I just got back from a series of trips round the U.S. and Europe. One of the most surprising things I learned over the course of the last month, is that more and more developers, IT decision-makers, “data guys” and just plain business people, are beginning to get religion around evolving their approaches to storage.
Now, I am not saying everyone is sold on Riak or even NoSQL, far from it. But what I am saying is that individuals inside some large, small and soon-to-be-large organizations realize that they a) can increase their storage capacity and broaden their data storage bandwidth (ie store more types of objects) while b) not significantly increasing their overall IT budgets.
Right in the middle of my travels, a Forrester report was published which included results of a survey of more than 1500 IT professionals. They were asked about which areas of storage were going to increase in the next year. The results:
In my opinion, the fact that “general file storage” and “archiving” are just as important as “database systems” proves that we have seen nothing yet, as it were, it terms of how big the market can and will be for object and document oriented data storage solutions. I think if you take the market opportunity for custom solutions that look and feel like Amazon S3 but live inside private or hybrid clouds (or even on non-EC2 public clouds) – we’re talking big business. And if you see how well a solution like Riak is fitted for, say a global session store for a massively utilized web property – then it mounts up to even more potential.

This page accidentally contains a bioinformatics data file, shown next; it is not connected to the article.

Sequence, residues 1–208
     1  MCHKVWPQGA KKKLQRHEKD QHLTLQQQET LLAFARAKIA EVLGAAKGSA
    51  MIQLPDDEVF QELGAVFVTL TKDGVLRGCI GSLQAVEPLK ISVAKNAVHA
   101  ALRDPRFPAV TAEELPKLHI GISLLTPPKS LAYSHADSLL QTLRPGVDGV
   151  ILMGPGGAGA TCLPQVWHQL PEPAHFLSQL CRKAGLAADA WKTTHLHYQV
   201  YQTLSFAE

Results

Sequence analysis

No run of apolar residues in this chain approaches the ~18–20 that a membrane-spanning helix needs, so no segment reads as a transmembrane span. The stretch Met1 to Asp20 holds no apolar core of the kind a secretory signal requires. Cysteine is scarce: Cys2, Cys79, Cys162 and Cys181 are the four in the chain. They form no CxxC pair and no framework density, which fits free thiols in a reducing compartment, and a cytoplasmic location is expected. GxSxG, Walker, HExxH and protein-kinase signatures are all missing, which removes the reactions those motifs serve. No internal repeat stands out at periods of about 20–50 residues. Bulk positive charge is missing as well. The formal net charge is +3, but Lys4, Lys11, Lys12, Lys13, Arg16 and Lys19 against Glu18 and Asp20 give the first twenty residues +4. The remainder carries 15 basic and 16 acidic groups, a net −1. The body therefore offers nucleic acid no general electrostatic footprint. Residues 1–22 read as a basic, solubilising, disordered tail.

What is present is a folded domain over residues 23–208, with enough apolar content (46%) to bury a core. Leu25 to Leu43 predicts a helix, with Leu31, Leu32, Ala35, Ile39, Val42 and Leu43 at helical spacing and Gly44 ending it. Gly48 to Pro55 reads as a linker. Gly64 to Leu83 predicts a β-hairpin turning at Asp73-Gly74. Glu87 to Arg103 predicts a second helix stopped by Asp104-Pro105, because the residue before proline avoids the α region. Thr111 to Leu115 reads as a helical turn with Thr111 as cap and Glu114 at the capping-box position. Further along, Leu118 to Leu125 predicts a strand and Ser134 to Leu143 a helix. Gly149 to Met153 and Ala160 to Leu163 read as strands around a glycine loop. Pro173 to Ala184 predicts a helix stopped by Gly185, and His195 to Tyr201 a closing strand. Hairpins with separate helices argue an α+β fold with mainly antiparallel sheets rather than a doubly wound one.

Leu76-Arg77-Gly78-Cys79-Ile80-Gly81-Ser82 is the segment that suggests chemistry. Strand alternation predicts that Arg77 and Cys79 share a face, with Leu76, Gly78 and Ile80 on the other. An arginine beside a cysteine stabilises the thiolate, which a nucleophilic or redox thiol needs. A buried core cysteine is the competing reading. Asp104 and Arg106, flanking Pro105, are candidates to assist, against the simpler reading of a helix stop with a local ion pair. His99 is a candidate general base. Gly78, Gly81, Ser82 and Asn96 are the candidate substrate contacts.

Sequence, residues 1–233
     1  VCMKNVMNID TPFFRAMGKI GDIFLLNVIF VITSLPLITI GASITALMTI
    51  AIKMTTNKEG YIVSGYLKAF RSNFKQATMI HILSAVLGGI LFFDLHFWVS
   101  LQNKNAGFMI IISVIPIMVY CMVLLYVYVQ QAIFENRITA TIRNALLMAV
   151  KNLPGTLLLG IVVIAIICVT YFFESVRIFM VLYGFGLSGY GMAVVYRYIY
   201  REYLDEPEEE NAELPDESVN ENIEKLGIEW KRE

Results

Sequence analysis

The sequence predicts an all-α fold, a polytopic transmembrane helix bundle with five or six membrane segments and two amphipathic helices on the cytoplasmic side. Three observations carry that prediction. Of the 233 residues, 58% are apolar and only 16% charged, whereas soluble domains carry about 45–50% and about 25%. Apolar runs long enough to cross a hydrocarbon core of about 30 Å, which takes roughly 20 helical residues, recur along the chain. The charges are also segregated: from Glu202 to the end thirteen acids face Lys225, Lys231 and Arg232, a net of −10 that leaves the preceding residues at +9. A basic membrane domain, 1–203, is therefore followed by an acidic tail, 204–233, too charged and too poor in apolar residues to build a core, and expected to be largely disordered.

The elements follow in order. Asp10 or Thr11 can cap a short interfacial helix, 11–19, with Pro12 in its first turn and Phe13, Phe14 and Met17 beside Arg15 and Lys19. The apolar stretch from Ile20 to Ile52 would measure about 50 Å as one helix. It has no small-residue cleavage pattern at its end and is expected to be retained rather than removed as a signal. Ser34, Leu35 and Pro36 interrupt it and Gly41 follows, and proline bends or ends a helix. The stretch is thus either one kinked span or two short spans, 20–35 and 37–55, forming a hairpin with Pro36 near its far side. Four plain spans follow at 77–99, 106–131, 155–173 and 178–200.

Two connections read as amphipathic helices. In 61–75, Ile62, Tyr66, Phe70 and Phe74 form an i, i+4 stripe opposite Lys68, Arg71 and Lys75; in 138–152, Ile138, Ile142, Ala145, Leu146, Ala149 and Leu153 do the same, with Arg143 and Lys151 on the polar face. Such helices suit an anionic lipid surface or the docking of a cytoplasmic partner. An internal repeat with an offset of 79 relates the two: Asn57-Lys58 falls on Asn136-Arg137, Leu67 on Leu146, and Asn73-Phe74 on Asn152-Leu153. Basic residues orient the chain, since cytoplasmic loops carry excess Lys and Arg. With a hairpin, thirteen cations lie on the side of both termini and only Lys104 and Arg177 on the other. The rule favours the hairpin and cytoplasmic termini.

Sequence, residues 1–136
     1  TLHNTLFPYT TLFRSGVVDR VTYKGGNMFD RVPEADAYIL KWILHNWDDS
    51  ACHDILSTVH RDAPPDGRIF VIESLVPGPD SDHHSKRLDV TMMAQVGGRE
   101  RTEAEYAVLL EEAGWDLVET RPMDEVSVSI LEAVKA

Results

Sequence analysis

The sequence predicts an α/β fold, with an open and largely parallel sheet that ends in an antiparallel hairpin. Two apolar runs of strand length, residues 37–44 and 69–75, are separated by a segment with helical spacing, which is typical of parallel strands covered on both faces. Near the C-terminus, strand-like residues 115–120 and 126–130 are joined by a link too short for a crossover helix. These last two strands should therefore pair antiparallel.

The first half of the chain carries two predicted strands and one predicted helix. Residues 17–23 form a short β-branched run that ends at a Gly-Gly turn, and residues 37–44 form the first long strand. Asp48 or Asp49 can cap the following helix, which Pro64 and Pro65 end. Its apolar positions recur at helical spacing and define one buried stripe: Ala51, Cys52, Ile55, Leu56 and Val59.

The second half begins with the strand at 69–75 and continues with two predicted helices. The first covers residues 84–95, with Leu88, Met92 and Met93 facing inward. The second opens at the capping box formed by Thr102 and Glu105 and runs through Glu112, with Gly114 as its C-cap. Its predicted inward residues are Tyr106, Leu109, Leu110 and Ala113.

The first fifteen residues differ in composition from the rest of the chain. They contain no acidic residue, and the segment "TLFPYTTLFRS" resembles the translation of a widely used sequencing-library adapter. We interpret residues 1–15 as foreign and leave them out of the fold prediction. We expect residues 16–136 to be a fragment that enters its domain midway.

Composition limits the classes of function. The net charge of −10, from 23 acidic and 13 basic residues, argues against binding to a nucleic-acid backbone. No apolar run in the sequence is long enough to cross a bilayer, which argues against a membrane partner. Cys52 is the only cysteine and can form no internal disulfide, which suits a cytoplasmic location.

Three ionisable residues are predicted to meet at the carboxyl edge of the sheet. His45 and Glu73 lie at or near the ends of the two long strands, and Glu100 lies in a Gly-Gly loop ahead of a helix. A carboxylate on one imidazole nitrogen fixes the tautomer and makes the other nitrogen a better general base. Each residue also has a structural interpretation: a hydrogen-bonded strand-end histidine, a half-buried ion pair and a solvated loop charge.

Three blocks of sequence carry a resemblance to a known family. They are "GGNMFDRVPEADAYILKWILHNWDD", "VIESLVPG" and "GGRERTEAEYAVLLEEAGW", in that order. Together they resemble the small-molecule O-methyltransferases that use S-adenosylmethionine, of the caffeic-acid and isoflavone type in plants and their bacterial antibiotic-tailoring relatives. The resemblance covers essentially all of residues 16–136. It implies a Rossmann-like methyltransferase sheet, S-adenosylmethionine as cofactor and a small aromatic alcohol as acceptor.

The most important aspect of this report, in terms of how well it bodes for distributed databases, is that the authors point to the fact that new storage solutions will be played out in the cloud. The report survey also revealed that storage accounts, or should I say will account for about 17% of total costs in 2012. To keep costs down, and to scale properly as these data volumes increase – the cloud has to come in to play.
So, as I’ve said again and again – there is a huge opportunity for data solutions that focus on being optimized for distributed systems.
The report, sadly, does not go on to mention how there are multiple open source and highly scalable solutions to the kinds of data issues outlined in the piece. Instead, it takes a “traditional storage married to Hadoop” approach to offering up a solution. While this accounts for solving a small portion of the types of data and use cases that are pressing companies of all sizes, it certainly does not solve all of them.
And again, as the light turns green for NoSQL and Big Data across many storage segments – there is room for a whole lot of great solutions.